I will follow You into the dark.
I will follow You with all my heart.

One of the students asked, “What is ‘true north,”

I gave a brief definition. But the question caused me to look it up! (Thank you, Google.)

There is the ‘magnetic’ north and the ‘true’ north. (How scientists figure this out is another discussion.)

This is what I learned:

  1. The magnetic field of the earth changes. Therefore, if you only use a compass, you can be misled and get lost on the way to your destination. 
  2. To reach your desired destination, use the compass plus a ‘magnetic declination’ equation for the location (latitude.)

So how does this relate?

Basically, representing the ‘magnetic field’ – our emotions, world attitudes, cultural norms, religious rules and other voices can dictate our action. Following those guidelines, we miss the mark.

However, by seeking guidance from the Holy Spirit, our ‘magnetic declination,’ God’s kingdom can come on earth as it is in heaven.

The decision to follow the Holy Spirit is not a ‘one and done’ thing.

Trusting and believing is daily work, a daily decision.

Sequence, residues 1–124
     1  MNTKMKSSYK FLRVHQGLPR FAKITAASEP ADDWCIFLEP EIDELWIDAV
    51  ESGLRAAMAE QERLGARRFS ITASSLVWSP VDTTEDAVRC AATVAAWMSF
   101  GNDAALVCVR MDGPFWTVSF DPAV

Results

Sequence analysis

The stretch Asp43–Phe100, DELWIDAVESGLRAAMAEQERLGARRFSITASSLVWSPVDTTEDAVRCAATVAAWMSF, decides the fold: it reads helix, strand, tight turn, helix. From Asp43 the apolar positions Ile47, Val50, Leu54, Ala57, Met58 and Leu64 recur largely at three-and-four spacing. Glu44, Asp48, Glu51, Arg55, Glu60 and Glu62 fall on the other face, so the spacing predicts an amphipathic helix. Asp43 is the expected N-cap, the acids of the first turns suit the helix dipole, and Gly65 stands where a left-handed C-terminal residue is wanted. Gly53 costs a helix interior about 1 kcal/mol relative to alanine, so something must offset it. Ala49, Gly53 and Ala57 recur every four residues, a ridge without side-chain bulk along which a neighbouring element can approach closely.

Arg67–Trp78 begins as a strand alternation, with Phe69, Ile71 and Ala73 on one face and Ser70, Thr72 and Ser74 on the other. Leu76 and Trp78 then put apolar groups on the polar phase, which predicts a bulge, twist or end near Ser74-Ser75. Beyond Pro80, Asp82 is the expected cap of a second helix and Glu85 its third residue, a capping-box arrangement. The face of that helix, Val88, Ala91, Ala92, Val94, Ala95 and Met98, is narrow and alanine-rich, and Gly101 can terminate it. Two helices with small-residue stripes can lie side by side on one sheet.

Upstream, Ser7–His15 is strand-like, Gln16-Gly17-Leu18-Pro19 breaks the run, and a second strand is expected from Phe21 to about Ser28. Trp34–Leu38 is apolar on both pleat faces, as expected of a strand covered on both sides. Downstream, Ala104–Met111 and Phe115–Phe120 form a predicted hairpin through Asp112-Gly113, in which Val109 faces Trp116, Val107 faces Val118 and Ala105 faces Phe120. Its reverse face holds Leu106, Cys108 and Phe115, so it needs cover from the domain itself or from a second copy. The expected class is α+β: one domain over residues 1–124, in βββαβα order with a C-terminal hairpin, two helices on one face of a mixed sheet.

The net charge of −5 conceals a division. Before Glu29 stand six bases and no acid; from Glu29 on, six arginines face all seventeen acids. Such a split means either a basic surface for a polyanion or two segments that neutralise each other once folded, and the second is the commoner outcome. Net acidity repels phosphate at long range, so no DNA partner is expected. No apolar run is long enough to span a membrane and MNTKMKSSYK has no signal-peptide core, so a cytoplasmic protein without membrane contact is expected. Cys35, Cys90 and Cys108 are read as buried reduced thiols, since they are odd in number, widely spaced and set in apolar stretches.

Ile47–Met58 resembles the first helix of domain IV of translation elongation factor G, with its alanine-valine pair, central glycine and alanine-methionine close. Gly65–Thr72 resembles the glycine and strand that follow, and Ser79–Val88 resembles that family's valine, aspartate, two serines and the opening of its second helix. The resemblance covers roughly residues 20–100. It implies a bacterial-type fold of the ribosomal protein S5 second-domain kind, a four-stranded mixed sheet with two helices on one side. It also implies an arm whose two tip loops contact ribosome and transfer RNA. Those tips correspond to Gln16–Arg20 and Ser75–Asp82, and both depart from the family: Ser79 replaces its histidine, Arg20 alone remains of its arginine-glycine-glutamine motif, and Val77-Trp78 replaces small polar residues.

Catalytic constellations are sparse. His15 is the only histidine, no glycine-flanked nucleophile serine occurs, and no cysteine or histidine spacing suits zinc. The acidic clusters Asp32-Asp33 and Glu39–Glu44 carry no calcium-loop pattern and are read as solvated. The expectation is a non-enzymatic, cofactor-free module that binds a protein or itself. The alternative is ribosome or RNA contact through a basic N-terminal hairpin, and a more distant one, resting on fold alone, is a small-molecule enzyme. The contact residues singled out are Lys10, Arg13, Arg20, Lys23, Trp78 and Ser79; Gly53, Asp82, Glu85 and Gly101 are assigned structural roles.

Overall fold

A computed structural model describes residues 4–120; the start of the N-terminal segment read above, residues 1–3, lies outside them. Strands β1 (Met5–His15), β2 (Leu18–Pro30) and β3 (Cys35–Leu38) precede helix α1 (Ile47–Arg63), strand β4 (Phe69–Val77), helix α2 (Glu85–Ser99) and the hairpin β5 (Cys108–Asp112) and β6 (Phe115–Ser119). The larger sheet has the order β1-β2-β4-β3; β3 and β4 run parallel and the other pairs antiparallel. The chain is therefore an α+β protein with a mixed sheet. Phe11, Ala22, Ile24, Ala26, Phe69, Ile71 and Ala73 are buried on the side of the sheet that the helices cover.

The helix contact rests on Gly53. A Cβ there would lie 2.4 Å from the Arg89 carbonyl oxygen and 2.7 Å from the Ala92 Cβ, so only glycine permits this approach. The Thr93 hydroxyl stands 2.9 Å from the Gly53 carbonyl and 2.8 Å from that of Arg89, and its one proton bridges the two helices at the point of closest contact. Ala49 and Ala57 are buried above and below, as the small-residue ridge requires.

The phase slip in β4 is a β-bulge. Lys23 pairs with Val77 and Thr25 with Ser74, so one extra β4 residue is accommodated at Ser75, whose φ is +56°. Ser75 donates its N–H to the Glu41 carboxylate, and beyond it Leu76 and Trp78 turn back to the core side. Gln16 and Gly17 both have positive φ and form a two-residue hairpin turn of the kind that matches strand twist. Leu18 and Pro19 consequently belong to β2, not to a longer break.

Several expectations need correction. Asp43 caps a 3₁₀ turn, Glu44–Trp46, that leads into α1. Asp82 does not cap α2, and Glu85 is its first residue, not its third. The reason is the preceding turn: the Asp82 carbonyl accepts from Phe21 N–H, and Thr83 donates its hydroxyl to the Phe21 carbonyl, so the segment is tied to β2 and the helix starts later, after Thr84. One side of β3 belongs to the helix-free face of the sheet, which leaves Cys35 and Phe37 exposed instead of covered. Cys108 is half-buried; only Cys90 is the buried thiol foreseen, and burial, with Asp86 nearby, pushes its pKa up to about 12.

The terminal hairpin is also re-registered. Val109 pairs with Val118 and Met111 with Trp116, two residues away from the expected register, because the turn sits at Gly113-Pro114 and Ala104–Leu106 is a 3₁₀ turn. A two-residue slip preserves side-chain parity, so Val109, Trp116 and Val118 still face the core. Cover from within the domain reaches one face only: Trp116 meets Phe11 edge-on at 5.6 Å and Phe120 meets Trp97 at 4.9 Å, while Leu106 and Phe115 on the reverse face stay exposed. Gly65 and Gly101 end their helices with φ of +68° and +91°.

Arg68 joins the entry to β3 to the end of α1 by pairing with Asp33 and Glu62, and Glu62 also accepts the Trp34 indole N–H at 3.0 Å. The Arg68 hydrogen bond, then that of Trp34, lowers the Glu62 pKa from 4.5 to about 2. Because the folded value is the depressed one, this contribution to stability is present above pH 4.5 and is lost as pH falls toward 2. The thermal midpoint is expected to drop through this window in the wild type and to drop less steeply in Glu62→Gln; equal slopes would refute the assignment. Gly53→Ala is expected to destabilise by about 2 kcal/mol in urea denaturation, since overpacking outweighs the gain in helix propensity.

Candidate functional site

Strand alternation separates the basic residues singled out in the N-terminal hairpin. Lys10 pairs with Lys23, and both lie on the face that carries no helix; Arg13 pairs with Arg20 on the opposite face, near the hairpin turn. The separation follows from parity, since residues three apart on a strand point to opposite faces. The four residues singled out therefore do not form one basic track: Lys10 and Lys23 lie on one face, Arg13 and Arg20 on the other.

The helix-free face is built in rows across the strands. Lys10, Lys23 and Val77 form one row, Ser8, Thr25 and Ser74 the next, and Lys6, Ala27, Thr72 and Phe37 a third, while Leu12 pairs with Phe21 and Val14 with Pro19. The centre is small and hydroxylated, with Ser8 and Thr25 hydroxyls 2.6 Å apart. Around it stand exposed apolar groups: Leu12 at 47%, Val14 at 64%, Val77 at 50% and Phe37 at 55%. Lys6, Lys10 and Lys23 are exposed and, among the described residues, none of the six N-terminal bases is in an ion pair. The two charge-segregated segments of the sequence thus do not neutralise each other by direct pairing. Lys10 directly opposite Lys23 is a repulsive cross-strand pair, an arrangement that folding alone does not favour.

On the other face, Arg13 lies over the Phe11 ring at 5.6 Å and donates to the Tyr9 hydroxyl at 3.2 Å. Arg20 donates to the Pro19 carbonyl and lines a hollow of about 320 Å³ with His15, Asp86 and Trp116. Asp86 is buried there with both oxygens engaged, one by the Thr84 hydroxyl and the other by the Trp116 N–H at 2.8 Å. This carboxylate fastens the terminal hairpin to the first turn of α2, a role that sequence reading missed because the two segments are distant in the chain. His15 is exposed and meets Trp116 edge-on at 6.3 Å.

“I will trust God today.”

The purpose of church community is to support each other in our daily decision of not what to do, but who to follow.

Miracles like Running 4 Clean WaterGood Samaritans of GarlandGLOWS (Garland Overnight Warming Shelter) and the support of knowing that you are loved will emerge. 

Individuals and the church will bear fruit!

When words don’t come

Mark Buford, Director of Communications

Sometimes, the words just don’t come.

That’s a problem when it’s your turn to share a reflection.

And that’s when I’m reminded that listening is just as important as sharing.

So I listened.

Or more accurately, I read. 

Colossians 3:1-11, to be precise.

One of the scriptures for this Sunday’s worship service at First United Methodist Garland.